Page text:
To Confront the Climate Crisis, Team Humanity Should Stop Relying on Cooperation and Instead Fund Innovation
Today sees the official launch of Lead for the Planet, the first book in our brand new trade imprint, Aevo UTP. Written by Rae André, climate change educator and bestselling author, Lead for the Planet guides concerned citizens and business leaders to take on the climate crisis by detailing five key practices for effective sustainability leadership. In the second of a three-part blog series, André discusses the importance of innovation in tackling the crisis.
Part 2 – To Confront the Climate Crisis, Team Humanity Should Stop Relying on Cooperation and Instead Fund Innovation
Building leadership to address the climate crisis requires focusing on what people can actually do to make a difference. We want Team Humanity to succeed, not just talk. As I discussed in my previous post, a major theme in my new book is how social science can help.
In that earlier post, I discussed why leaders are not likely to beat global warming by appealing to the human propensity for cooperation. Decades of failures to cooperate regionally and internationally on climate change (and also on other wicked problems like COVID-19 – see below) support this conclusion. There have been many significant attempts to get people to cooperate – including the Kyoto agreement, the US government’s 2010 attempt to establish an emissions trading system, and the 2015 Paris accords. They have all failed to motivate meaningful actions to reduce fossil fuel usage. From a psychological perspective, Kyoto failed because it punished countries financially for not meeting emissions reductions targets. The US government failed because the members of Congress could not cooperate well enough to pass climate legislation. Although it encouraged global communication and some funding to reduce carbon emissions, the Paris agreement failed because it holds no country accountable to actually do those things. Such failures suggest that members of key organizations – political parties and countries – are neither trusting enough nor altruistic enough to cede their sovereignty to a superordinate organization, even if the intent of that organization is noble.
If relying on cooperation is not the answer, is there an alternative? Fortunately, human beings are blessed with many other useful traits, like curiosity, imagination, assertiveness, competitiveness, and energy. These are found in abundance in the human propensity to innovate, which characterizes many scientists and engineers and also the entrepreneurs who support them.
Entrepreneurs demonstrate originality, motivation to achieve, tough-mindedness, and competitiveness. These are also prized across the business sector. Team Humanity should draw on these traits to pursue research in all sectors that burn fossil fuels – energy production, manufacturing, buildings, agriculture, and transportation.
For example, we need to improve renewable energy technology, enhance energy storage, and capture carbon dioxide emissions. To pursue these long term goals, we must apply best practices for rewarding risk-taking researchers and entrepreneurs. For instance, we must pair them with high net worth investors who eschew short term profits in favor of longer term, visionary goals. We should integrate the public and the private sectors to both develop research and turn it into practical action.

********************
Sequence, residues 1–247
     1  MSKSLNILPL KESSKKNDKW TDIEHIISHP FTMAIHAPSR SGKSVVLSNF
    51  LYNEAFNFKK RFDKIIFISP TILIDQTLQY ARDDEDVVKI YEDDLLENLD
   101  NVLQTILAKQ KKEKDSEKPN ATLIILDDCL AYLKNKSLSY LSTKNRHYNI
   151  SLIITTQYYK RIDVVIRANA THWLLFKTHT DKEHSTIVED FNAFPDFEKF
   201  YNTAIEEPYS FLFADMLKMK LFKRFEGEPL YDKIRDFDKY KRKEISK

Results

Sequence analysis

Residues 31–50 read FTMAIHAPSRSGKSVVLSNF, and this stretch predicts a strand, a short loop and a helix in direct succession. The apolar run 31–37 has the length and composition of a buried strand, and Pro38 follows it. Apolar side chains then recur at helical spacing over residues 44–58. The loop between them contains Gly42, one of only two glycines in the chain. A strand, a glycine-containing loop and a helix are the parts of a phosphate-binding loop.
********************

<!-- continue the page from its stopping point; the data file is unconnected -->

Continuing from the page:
Worldwide, research on energy is significantly underfunded. Bill Gates, catalyst and founding member of the Breakthrough Energy group, summarizes the energy research problem succinctly: “Huge uncertainties, huge underinvestment.” To address this concern, in 2015 two dozen countries and the European Union joined together in project Mission Innovation to promote more research funding.
Innovation by Heliogen is a recent success story. Breakthough Energy Ventures, the investment arm of Breakthrough Energy, invested nearly a decade ago in this company, which has been working to improve solar concentration technology. In 2019, Bill Gross, the company’s CEO and founder, announced a new solar technology that can concentrate solar power to temperatures of more than 1000 degrees Centigrade. Previously, only burning fossil fuels could produce such high temperatures, which are necessary for industrial processes like making steel and cement. For instance, Gross estimates that if all cement kilns ran on solar, his new technology would reduce cement’s carbon footprint by 40 percent. Talk about making a difference!
Climate leaders can pursue cooperation and innovation simultaneously, and they should, with each leader acting according to their talents and opportunities. Citizen support for innovation may help: In 2019, 82% of Americans supported funding research into renewable energy resources.
Yet Team Humanity has fewer than 10 years remaining in a carbon budget that holds global warming to 2 degrees Celsius. Like the COVID pandemic, the climate crisis is a wicked problem in which many parameters are unknown, issues are intertwined, and outcomes are uncertain. By demonstrating the limits of cooperation and the hope for a scientific solution to such problems, the COVID pandemic may hold a major lesson for climate leaders: To address the climate crisis, Team Humanity should place a major bet on innovation.
Interested in finding out more about Lead for the Planet? Click here to read an excerpt from the book.
Click here to order your copy of the book.
 David Wallace-Wells, (2019, Sept. 17). Bill Gates: ‘I Don’t See Anything Worthy of the Word Plan’ to Fight Climate Change. New York Magazine. Accessed December 18, 2019.